The Summer School is presented for doctoral students and/or lecturers in translation studies and intercultural communication from all over Africa with the aim of working towards an African agenda for translation studies. The Summer School features lectures, tutorials, and conference presentations under the guidance of prominent scholars in Translation Studies, Intercultural communication and Lexicography.
The aim is for the Summer School to become an annual event on the continent.
For detailed information and registration forms, visit the website of the Summer School at http://www.ufs.ac.za/SSTSA
The translation publishing co-operative & Other Stories is holding the first of the 'Jericho sessions' combining international literature and music in Oxford on 9 June, featuring Argentinian novelist Carlos Gamerro, who will read from his work, soon to appear in English translation. Also featuring Ray Keenoy on Yiddish culture and humour. See here for more information.
Hogarth Worldwide, which specialises in transcreation (cross-cultural advertising and marketing), is currently hiring for a range of languages. See their website for more details. MATS students should also receive more details about these posts soon by email.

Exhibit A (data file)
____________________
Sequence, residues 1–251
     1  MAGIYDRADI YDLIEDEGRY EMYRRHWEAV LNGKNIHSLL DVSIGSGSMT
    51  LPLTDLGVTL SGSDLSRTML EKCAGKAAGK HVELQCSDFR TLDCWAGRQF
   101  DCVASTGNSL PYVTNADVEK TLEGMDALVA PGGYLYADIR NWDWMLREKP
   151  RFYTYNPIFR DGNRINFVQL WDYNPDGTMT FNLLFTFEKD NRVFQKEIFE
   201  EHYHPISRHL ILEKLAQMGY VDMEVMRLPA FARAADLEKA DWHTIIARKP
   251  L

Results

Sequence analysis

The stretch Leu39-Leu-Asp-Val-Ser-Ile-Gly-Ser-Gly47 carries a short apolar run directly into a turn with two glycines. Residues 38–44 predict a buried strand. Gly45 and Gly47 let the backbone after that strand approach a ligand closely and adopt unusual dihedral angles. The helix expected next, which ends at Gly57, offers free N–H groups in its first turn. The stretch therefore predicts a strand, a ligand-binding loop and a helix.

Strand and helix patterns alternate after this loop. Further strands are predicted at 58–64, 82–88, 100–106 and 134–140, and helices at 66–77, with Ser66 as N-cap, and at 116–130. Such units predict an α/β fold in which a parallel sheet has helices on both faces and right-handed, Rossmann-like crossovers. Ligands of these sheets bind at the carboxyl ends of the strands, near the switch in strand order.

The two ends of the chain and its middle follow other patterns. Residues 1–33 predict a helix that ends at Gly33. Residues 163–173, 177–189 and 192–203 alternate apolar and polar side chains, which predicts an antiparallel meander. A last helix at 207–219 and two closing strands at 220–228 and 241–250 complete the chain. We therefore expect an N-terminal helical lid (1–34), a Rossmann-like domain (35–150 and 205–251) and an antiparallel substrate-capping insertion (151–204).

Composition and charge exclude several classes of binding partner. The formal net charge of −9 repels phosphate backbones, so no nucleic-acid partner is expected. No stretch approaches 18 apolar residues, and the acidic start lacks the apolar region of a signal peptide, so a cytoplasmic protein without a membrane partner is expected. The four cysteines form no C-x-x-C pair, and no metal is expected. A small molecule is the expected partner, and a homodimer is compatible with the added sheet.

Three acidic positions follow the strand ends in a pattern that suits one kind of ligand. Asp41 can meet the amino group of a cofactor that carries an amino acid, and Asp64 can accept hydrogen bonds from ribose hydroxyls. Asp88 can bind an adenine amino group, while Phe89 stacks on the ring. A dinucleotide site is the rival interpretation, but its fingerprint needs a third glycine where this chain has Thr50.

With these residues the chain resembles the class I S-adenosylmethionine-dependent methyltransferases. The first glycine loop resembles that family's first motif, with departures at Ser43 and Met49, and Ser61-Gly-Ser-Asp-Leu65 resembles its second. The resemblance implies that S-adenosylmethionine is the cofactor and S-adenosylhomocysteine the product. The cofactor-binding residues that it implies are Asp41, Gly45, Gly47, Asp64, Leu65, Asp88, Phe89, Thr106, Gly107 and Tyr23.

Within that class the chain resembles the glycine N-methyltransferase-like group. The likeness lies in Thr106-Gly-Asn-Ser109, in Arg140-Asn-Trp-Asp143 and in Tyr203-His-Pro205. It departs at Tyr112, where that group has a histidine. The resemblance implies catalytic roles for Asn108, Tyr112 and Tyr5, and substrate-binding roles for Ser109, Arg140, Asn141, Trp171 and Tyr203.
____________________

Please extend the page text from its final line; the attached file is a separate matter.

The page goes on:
Wednesday, 26 May 2010
I made one attempt many years ago to learn Polish, enchanted by the sound of it and yet thwarted by the many many cases. So I gave up and am thus reduced to reading about witchers, etc. in (albeit very good) translation. Now I have another reason for regretting not reading Polish: Zbigniew Herbert's poem 'O tlumaczeniu wierszy' [On translating poetry']. The English translation by Alissa Valles can be found at the Words Without Borders site. I was charmed by the image of the translator as a feckless bumblebee who gets part of the way into the flower but no further, and emerges on the other side with an air of self-importance and pollen on his nose.
It's nearly June (how did that happen??). Anyhoo, a grab-bag of links for jobs, internships etc.